Editor’s note: This article is part of the “Top Finance Skills” series featuring insights from finance leaders across industries on skills finance professionals need to have to be competitive in the future. To receive weekly updates on this series, sign up for our CGMA Advantage newsletter. The interview has been edited for length and clarity.
With a workforce of just under 1,000 employees across seven UK locations, the National Nuclear Laboratory — an “arm’s-length body” of the UK government, but operating commercially — has revenues of £104 million and a profit of £5.2 million, its 2020 Annual Report and Accounts showed.
Its CFO is Matt Miller, FCMA, CGMA, who leads a finance team of 26 staff that includes a head of corporate finance, who manages statutory reporting activities, as well as a project finance team. Miller additionally has responsibility for a 40-strong IT function.
Miller talked to FM about his team’s and his own skills development.
If you were just starting out in your management accounting career, which skills or aspects of finance would you be focusing on to get a competitive edge?
Matt Miller: Do not underestimate that to get to a senior level in any organisation you need to step back and look at where the business is heading, look at what’s going on in the marketplace, what [are the] external factors. [Then] start comprehending what that means in terms of what do we need to invest in, what do we need to start, what do we need to pause, what do we need to continue.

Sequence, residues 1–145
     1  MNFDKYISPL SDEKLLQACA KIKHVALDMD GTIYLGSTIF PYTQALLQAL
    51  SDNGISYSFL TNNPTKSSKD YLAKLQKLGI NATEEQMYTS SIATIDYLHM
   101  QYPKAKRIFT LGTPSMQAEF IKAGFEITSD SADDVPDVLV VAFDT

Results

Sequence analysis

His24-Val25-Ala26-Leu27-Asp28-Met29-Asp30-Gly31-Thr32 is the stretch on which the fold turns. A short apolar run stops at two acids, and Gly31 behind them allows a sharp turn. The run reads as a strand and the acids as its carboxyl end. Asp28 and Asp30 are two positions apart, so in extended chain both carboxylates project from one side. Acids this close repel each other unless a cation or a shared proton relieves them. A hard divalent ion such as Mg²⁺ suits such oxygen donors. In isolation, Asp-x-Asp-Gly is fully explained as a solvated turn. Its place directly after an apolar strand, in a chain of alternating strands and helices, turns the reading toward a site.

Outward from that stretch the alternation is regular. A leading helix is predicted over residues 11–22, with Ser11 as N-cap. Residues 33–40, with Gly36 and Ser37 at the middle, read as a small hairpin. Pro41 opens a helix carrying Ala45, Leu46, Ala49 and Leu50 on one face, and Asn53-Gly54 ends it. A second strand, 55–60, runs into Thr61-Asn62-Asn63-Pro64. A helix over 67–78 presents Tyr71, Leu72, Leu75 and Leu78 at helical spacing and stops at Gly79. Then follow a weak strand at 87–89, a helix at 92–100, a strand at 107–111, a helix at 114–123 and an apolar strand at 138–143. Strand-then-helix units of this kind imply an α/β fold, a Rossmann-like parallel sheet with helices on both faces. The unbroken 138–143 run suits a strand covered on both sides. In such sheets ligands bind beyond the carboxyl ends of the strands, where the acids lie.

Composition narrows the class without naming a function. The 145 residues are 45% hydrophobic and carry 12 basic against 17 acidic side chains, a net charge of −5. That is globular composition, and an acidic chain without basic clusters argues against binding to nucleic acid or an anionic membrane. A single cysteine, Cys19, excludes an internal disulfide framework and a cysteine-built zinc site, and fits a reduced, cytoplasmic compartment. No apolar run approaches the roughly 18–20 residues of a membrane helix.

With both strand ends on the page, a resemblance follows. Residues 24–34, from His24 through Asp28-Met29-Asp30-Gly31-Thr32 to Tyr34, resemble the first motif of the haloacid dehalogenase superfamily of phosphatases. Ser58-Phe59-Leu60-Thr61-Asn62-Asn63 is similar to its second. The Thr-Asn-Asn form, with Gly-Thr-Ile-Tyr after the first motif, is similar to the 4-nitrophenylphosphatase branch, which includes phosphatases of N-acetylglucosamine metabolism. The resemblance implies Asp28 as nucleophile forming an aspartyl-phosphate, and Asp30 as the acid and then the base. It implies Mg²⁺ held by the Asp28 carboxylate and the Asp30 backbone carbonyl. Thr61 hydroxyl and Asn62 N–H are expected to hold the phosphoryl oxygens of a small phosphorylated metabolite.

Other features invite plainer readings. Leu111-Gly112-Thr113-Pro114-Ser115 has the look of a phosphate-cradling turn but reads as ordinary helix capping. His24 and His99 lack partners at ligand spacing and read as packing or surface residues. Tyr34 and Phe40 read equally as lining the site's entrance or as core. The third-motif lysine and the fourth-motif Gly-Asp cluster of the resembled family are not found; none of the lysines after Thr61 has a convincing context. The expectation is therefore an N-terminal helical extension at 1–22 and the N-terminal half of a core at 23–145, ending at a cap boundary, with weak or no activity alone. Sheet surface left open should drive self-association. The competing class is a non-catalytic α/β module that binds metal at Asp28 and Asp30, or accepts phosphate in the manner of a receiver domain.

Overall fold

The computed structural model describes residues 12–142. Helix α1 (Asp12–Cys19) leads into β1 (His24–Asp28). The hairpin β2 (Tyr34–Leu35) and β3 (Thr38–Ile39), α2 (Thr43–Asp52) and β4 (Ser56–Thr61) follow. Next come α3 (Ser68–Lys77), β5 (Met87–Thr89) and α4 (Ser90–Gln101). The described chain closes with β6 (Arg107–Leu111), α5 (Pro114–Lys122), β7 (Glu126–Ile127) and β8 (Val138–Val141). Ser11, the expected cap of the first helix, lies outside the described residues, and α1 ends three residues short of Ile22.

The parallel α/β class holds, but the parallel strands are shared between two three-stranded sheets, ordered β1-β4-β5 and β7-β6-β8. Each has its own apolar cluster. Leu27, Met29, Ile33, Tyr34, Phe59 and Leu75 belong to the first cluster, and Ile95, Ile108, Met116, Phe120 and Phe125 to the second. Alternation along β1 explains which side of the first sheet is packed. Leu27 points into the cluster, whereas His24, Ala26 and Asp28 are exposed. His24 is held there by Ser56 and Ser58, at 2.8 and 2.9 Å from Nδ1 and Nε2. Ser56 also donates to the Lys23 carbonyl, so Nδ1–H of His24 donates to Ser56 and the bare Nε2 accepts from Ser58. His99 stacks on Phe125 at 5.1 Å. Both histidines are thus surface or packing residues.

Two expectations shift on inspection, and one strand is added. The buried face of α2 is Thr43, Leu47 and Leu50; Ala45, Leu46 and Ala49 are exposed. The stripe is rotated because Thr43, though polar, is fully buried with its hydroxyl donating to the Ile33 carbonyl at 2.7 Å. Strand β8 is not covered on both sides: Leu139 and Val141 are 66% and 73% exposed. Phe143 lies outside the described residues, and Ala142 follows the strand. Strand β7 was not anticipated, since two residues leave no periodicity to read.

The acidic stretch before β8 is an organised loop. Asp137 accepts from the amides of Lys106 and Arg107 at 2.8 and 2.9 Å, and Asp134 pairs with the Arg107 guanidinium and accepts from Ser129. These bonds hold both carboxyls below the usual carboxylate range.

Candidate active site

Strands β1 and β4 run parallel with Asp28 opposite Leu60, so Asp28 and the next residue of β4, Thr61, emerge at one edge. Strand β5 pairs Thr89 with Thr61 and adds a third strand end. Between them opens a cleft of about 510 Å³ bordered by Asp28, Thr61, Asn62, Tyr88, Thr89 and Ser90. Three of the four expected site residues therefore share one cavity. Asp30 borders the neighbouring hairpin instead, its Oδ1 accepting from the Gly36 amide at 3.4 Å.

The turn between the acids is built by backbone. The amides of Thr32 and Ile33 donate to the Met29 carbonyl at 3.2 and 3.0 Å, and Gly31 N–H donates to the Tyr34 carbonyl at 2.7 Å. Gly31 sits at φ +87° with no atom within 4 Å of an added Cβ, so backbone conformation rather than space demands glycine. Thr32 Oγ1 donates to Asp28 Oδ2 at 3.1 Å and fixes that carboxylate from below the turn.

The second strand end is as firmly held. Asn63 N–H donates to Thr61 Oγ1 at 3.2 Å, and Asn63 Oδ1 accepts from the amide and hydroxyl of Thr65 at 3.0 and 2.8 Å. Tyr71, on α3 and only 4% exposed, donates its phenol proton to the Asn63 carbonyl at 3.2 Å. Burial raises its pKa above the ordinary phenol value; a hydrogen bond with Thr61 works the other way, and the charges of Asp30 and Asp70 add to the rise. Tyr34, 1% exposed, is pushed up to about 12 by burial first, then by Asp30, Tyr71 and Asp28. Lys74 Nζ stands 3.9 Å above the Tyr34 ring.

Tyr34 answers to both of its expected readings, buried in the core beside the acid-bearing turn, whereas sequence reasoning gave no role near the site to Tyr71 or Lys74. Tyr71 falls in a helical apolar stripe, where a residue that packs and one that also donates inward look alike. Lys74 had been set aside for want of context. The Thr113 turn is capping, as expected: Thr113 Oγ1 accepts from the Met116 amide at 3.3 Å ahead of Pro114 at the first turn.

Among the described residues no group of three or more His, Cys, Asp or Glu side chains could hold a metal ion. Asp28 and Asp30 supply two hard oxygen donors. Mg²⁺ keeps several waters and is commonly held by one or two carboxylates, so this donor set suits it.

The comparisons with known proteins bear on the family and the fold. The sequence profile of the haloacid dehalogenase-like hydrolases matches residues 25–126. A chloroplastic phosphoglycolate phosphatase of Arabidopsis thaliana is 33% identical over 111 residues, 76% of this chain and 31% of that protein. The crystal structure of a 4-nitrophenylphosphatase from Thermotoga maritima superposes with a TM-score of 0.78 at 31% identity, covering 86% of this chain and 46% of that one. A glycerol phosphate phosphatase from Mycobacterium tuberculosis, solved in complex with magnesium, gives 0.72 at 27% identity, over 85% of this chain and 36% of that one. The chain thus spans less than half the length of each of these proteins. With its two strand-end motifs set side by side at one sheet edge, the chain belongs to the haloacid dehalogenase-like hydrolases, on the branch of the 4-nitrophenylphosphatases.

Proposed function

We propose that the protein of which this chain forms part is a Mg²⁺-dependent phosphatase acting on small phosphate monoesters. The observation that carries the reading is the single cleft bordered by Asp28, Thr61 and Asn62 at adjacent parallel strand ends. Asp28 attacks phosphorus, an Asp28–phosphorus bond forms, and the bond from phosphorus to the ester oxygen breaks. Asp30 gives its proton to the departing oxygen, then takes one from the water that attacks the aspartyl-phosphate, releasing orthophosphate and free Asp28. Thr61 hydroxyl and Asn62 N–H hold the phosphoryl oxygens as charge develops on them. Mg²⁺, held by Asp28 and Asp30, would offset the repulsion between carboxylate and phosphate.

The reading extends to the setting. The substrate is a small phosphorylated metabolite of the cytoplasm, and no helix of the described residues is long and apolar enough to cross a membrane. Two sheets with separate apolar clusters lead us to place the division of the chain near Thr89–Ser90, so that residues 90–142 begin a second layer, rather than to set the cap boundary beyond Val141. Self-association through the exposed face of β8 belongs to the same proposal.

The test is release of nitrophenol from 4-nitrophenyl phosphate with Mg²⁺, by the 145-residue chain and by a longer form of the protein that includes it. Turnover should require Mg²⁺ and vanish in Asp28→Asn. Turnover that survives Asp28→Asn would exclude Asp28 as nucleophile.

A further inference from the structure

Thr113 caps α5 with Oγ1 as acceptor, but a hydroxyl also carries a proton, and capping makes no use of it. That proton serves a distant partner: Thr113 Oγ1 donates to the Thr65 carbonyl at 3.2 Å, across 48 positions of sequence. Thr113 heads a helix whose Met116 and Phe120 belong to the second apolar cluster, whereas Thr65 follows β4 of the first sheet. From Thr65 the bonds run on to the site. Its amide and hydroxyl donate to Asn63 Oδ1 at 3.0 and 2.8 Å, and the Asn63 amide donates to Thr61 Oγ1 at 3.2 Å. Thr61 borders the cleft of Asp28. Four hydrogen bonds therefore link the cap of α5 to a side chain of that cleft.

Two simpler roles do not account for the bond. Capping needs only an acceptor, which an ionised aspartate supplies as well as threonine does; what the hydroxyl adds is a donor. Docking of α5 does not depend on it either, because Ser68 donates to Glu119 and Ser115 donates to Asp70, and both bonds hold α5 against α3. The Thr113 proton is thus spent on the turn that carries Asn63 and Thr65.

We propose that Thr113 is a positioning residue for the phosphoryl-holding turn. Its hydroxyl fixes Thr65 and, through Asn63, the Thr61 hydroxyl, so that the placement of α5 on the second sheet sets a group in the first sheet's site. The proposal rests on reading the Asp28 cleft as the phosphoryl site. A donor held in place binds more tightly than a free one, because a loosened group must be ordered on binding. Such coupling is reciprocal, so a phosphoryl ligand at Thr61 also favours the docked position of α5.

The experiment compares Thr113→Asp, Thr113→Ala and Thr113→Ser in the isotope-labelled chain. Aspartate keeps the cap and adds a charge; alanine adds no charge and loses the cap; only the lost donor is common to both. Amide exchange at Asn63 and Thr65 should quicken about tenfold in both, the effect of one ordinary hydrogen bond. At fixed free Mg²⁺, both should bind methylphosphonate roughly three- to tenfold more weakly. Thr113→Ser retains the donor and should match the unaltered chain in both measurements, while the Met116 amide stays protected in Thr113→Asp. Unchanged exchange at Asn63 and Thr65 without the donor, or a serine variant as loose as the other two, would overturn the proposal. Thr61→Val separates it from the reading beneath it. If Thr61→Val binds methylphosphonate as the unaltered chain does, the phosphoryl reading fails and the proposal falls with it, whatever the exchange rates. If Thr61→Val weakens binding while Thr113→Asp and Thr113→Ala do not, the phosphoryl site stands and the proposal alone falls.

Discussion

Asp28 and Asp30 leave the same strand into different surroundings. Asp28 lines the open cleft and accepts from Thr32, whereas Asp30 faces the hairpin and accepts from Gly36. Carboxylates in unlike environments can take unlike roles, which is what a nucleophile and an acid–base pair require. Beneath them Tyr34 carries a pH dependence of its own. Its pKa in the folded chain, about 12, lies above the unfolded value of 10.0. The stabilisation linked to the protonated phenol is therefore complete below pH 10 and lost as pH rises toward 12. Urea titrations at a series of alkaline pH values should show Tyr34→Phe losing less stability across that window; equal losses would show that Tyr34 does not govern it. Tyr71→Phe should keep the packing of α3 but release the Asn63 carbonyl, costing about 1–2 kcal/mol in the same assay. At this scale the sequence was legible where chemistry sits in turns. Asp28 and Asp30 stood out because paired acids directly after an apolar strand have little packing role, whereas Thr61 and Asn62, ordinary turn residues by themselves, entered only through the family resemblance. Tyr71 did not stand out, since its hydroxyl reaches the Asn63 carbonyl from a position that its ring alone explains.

But equally, you’re only as good as your team, and your team’s only as good as you. All too often I come across peers that talk about people management. And I don’t think you manage people. I think you lead people.
Probably the key skill to get an advantage is influence. Because you can lead people by influencing them. You’re not telling people what to do. You’re influencing their thinking and their activities, and nudging them along.
How do you see the role and the responsibilities of finance changing in the next five years? Which skills do you predict will be most key?
Miller: The Kingman and Brydon [UK governance] reviews have been published, and [there are actions] that are likely to come as a result of previous corporate failures. What I think we’ll be seeing in finance now is more and more controls — controls in terms of assets, controls in terms of liabilities. What does that mean … in terms of cash and … how cash is being managed in organisations as well? And as a result, when you bring [controls and cash] together, that leads me to think that more and more focus on the balance sheet is going to be critical.
It worries me that as we’ve gone through the pandemic, so many companies have struggled because they haven’t necessarily kept an eye on their cash in their reserves.
Getting back to those basics is key. So do you understand what happens when we buy an item of stock, and do you understand the obligations [that are] then likely to happen … both from the commitment, the control that you need to have in terms of that commitment, and what that means in the cash accounting cycle?
What are the strengths you see amongst new talent?
Miller: For early career individuals, no problem is too big. They’re eager to get involved, eager to get going, and absolutely love the challenge.
But because they’ve got that kind of mindset, they’re then very happy to challenge the norm, to challenge the way that we do things today. Which I think is fantastic. What I see is a healthy [reverse] mentoring going on around the organisation. All too often we say, “Get someone alongside you that’s been there, done that, bought that T-shirt,” but what I’m actually seeing, as well, is those individuals are [saying], “I hadn’t really thought about it in that way. How does that give us a different lens to look at the challenge and the problem?” So it’s brilliant to get that fresh thinking coming in.
And do you formalise that, the reverse mentoring, or is it more informal?